Canada Games shuts down Facebook to avoid inconvenient truth about disabled

Canada Games censors Facebook to avoid inconvenient truth about disabled

Censors ban freedom of expression after NJN Network posting

Story from Canada Games Facebook

Canada Games has shut down all commentary and community on their Facebook page.

Patrick Kenny Director of Marketing and Communications for Canada Games confirmed this morning they are not allowing anyone to comment on the site.

“The site is aimed at communicating sports scores,” said Kenny. “We don’t want to clutter it with fan or other comments.”

Prior to the disability posting of Monday August 17, 2009, the site was open for comments and postings on the Facebook Wall.

For example on Sunday Michelle Collens at 2:52pm wrote

“Whoot Whoot! Go Team BC – first practice done – Game time tomorrow!

There were approximately 9 comments posted by fans of the Canada Games in the week before they closed it down.

It is obvious that Canada Games is trying to control the flow of information.

If Canada Games was part of a dictatorship, totalitarian regime or communist block country we could understand their reluctance to chance dialogue with the masses.

However, we live in a free and democratic society with guarantees of freedom expression which can mean the odd inconvenient truth slips through to the masses.

We believe the Canada Games strategy to shut down dialogue on the issue of disability access at the UPEI Canada Games site was developed as “damage control.”

Freedom of expression is sometimes inconvenient. However, it is part of a democracy and a value government funded organizations like Canada Games need to cultivate.

They may not appreciate our pointing out the lack of disabled parking at the campus site but 7 days after Canada Games started who else cares enough to bring it up?

In response to our comments, Canada Games wrote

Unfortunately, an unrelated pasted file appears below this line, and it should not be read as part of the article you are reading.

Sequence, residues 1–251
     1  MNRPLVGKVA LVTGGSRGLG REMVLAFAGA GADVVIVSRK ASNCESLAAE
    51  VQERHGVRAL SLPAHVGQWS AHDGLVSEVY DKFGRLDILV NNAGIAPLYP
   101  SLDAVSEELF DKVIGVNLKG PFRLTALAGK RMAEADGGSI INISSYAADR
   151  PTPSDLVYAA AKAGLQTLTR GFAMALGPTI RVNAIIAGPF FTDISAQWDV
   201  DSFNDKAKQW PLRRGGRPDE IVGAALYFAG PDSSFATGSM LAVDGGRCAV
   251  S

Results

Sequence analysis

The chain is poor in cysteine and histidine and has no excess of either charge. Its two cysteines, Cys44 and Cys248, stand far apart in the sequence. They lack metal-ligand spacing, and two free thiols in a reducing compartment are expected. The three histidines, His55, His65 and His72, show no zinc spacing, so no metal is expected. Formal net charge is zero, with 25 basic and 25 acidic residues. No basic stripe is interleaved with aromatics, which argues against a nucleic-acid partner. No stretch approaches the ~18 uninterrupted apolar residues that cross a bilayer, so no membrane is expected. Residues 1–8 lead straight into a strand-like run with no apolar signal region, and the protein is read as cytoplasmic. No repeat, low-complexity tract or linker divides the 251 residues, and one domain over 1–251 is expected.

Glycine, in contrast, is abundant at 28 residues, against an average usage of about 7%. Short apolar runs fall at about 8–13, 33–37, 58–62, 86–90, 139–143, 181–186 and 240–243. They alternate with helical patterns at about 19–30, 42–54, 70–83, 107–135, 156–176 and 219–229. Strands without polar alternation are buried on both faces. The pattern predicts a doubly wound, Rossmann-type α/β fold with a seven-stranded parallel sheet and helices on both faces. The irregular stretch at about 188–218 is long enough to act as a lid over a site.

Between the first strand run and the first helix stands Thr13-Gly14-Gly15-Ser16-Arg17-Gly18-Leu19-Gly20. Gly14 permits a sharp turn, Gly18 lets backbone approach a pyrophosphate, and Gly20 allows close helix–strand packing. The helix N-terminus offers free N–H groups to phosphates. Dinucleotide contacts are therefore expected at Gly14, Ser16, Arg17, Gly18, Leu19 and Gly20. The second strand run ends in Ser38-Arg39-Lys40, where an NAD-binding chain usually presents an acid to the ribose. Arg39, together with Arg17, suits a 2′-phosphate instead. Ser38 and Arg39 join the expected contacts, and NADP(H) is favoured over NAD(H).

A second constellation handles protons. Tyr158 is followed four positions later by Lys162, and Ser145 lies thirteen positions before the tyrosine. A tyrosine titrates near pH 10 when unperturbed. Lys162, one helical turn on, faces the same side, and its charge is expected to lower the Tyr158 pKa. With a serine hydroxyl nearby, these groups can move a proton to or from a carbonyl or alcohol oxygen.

“The Canada Games is thankful to the NJN Network for keeping the issue of accessibility at the Canada Games a topic for discussion. Considering that we work with the Canadian sport system to always include sports for athletes with a disability at each… of our current Games, this is an issue near and dear to our hearts. We certainly welcome a dialogue and would love an interview with the NJN Network if there is interest.”

Dialogue means two way conversation. Monologue is when one side sends out the information for others to consume.

Talk is cheap.

We challenge Canada Games to put actions – as in freedom of expression – where their words are.

That way we only have one issue to worry about, discrimination against the disabled. Right now we’re also fighting for freedom of expression as well.

Canada Games Facebook page is dead

A social media like Facebook is intended for conversation, for fan videos and pictures, for interactivity. The young athletes who participate in the games and their friends are used to freedom of expression.

The young athletes find the Canada Games Facebook page of little interest. Fewer than 25% of the athletes, fans and family adding to their fan pages.

The closed nature of the page represents their parents idea of how to control information with censorship and thought control.  For people accustomed to interactive communications the page is the equivalent of a parental lecture. It is Charlie Brown hearing his teacher lecture him and Charlie Brown translates her words into “Wa Wa Wa Wa”